Our November magazine counts down Top 10 Cycle Tours. We thought it was fitting to interview cycle extraordinaire, world traveller, philanthropist and founder of cycle tour company Tour d'Afrique, Henry Gold. Take some time to read about Gold's cycle expeditions across Africa, his cycle endurance advice and his hope for a more peaceful world.
Essential Travel Talks To Henry Gold, Tour d'Afrique Founder And International Cycle Tour Guru
Essential Travel: Tour d'Afrique was named after the first expedition from Cairo to Cape Town (4 months and 7500 miles) - nearly ten years later and your company now offers tours all over the world. What is your most vivid memory from that first cycle expedition?
Henry Gold: There are so many it's hard to choose. I would say starting the tour at the Pyramids in front of the Sphinx. It was kind of unexpected because I did not believe that we would be able to obtain a permit to stage the start there and convince the Egyptian Authorities to close the grounds for us. As I was looking at the scene in front of me, with the cyclists walking, taking pictures of each other and using the background to obtain memorable mementos, I was thinking "What would the Sphinx, who has seen all kinds of things through history, what wise words would he say to us embarking on this unknown adventure?".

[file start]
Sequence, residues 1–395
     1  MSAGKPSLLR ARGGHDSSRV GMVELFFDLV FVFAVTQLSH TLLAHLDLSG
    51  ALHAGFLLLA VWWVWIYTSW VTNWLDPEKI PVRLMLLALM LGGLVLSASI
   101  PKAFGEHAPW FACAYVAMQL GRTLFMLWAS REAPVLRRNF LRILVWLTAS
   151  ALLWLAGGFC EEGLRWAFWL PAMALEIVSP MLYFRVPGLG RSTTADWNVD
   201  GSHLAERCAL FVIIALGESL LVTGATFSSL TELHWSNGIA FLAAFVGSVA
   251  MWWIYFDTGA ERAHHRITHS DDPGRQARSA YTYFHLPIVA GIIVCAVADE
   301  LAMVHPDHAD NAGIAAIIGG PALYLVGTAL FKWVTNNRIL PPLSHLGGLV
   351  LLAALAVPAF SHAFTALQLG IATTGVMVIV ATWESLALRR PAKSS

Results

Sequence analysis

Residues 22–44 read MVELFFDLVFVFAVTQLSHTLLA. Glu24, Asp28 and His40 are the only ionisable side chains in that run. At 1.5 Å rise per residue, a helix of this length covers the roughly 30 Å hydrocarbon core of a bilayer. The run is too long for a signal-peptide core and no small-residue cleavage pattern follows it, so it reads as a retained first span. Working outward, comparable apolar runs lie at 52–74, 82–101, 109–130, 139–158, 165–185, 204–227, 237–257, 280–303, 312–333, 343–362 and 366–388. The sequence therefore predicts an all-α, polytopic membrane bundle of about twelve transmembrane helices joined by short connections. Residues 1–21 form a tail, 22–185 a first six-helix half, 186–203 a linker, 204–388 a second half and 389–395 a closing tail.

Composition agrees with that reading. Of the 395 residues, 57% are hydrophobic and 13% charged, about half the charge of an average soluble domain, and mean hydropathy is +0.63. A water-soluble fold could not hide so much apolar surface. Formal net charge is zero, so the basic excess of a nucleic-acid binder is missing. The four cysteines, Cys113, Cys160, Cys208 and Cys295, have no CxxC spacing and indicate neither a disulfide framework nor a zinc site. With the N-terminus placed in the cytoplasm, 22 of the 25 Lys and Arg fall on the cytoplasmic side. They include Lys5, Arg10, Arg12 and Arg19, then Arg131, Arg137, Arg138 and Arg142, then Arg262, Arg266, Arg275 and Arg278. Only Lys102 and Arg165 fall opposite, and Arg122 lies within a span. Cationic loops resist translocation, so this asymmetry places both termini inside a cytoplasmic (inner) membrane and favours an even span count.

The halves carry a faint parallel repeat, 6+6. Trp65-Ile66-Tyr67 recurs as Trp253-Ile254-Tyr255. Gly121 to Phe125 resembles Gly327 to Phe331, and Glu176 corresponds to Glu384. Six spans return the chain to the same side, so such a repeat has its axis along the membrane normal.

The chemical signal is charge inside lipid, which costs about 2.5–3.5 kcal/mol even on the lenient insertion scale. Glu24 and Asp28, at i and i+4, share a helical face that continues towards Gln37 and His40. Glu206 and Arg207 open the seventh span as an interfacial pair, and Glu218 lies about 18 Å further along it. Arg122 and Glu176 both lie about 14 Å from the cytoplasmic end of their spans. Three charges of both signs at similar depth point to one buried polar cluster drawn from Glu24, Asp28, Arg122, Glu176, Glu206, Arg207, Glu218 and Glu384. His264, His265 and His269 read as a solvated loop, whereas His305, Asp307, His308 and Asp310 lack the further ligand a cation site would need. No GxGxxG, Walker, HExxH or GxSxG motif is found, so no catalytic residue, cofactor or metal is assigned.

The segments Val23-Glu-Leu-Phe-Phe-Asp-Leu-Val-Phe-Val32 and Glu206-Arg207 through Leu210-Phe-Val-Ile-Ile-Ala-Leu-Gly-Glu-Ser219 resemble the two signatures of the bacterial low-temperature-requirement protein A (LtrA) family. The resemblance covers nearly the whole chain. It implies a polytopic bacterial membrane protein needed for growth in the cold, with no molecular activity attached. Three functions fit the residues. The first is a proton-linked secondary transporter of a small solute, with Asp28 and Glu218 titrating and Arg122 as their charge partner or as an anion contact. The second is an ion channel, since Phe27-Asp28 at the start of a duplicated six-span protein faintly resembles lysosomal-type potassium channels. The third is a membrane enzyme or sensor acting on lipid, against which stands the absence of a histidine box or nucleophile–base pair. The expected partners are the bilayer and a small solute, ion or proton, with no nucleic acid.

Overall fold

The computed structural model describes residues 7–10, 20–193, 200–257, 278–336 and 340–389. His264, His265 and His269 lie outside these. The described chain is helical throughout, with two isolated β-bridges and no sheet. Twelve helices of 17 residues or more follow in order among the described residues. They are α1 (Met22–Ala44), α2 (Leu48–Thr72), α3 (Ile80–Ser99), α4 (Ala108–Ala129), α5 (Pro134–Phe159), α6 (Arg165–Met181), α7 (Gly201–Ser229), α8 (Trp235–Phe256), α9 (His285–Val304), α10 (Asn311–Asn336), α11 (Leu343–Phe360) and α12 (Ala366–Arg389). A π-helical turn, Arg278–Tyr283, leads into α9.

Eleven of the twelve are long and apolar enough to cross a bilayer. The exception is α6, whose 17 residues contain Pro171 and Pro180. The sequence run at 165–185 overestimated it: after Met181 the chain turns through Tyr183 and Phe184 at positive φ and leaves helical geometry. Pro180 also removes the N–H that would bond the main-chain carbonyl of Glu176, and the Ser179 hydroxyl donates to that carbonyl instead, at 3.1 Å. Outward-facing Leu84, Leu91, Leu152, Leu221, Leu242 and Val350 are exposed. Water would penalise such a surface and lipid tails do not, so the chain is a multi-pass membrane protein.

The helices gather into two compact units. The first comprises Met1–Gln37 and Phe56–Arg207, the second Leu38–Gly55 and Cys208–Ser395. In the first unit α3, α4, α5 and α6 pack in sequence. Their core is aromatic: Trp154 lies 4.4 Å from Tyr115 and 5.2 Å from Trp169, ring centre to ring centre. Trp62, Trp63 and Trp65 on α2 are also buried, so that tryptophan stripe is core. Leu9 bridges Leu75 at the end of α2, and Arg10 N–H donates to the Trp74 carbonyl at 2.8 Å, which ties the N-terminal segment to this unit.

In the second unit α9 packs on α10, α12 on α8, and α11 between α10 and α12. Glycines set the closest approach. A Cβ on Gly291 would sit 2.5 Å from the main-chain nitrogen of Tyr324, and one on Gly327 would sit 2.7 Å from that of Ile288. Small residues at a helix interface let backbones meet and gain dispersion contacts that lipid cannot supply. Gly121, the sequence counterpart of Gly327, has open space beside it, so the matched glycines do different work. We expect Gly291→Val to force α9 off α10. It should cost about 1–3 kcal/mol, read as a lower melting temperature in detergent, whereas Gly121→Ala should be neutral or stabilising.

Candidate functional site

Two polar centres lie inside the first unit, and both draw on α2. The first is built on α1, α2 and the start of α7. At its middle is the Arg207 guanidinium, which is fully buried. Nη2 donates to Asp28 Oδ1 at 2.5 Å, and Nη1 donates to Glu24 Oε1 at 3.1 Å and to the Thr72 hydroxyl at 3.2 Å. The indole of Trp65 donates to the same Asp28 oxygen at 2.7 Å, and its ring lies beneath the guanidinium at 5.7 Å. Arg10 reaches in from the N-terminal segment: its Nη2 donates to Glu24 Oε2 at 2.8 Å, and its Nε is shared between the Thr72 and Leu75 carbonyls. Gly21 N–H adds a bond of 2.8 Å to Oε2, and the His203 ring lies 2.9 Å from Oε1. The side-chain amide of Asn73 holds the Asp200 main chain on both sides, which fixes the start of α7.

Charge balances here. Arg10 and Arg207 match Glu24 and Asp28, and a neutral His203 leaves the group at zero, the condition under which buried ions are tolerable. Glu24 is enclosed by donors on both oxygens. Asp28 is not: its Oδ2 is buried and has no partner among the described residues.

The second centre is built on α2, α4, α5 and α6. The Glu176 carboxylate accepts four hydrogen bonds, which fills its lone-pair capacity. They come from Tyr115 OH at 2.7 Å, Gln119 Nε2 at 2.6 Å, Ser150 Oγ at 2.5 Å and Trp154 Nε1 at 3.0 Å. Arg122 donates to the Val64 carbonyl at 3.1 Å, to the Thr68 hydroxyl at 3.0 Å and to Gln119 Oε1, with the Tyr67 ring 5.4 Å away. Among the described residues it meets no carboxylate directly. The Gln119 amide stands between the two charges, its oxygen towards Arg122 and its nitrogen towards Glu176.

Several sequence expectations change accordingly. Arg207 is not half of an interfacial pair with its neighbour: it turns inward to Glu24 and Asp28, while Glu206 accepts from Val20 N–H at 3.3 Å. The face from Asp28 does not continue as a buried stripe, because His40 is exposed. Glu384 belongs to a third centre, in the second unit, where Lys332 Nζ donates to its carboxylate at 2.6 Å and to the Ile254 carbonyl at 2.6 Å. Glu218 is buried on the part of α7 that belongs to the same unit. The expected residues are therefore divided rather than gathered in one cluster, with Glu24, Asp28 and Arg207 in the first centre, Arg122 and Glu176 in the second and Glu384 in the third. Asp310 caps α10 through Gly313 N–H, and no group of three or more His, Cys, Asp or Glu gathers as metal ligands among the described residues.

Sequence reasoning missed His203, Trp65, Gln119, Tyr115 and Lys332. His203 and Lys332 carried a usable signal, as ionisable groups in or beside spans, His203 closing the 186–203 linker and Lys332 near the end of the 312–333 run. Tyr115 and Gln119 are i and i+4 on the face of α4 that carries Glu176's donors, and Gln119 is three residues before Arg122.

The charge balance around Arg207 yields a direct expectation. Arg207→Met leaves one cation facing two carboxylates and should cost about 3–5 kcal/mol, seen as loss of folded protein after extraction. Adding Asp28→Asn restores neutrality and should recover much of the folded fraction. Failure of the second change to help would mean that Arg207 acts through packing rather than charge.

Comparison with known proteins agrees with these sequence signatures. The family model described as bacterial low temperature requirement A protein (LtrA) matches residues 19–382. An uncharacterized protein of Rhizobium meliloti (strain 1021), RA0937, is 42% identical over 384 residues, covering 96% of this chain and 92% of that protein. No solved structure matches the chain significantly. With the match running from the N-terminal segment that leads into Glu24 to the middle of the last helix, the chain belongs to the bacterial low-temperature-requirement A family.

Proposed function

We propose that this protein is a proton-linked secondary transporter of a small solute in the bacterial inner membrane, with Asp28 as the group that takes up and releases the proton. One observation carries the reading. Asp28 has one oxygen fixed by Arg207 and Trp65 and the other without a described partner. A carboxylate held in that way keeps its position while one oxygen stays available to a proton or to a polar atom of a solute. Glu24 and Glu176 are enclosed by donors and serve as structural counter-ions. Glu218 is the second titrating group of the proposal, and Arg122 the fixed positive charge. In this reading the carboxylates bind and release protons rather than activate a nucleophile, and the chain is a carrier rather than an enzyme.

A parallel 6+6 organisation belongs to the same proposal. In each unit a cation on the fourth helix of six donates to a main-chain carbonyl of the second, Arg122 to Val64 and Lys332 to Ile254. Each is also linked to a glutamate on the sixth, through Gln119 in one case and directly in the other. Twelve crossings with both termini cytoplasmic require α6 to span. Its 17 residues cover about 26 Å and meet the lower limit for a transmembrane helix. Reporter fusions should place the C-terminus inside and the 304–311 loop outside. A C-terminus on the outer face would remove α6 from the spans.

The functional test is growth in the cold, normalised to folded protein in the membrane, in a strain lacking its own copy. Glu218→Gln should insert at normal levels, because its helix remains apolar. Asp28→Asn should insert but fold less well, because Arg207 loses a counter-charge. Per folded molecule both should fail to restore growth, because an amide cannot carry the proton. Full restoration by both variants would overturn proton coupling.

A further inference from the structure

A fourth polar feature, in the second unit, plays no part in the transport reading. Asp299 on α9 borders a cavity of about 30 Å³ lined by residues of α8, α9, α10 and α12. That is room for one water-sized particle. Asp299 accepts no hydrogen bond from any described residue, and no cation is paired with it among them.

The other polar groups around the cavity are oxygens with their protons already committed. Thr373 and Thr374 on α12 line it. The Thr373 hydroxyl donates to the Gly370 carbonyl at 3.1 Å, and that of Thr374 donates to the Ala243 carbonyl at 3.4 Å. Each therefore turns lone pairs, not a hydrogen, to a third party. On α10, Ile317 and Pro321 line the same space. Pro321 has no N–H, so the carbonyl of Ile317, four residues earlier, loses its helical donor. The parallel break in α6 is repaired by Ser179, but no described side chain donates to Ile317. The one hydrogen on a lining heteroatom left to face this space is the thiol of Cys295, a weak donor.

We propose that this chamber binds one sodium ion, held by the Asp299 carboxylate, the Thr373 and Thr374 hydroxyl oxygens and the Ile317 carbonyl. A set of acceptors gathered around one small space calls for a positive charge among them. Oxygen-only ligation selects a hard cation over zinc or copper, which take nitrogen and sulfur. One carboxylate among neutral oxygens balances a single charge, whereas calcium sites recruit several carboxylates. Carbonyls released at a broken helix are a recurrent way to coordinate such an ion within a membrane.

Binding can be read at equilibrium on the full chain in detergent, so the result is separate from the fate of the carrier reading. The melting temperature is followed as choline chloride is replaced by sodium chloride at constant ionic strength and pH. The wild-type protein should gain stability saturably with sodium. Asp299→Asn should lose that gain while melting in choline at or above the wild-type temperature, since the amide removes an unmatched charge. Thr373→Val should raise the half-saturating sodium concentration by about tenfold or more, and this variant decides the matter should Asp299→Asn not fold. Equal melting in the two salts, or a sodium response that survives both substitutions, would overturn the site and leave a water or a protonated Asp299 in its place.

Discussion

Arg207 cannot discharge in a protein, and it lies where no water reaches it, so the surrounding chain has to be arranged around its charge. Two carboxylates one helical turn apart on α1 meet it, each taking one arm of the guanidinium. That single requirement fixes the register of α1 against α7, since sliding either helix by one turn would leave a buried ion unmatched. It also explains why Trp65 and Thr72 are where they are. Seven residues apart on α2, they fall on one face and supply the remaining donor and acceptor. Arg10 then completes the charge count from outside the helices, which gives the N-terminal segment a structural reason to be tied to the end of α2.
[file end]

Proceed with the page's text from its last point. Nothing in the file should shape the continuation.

Essential Travel: Have you used the same bicycle since you began?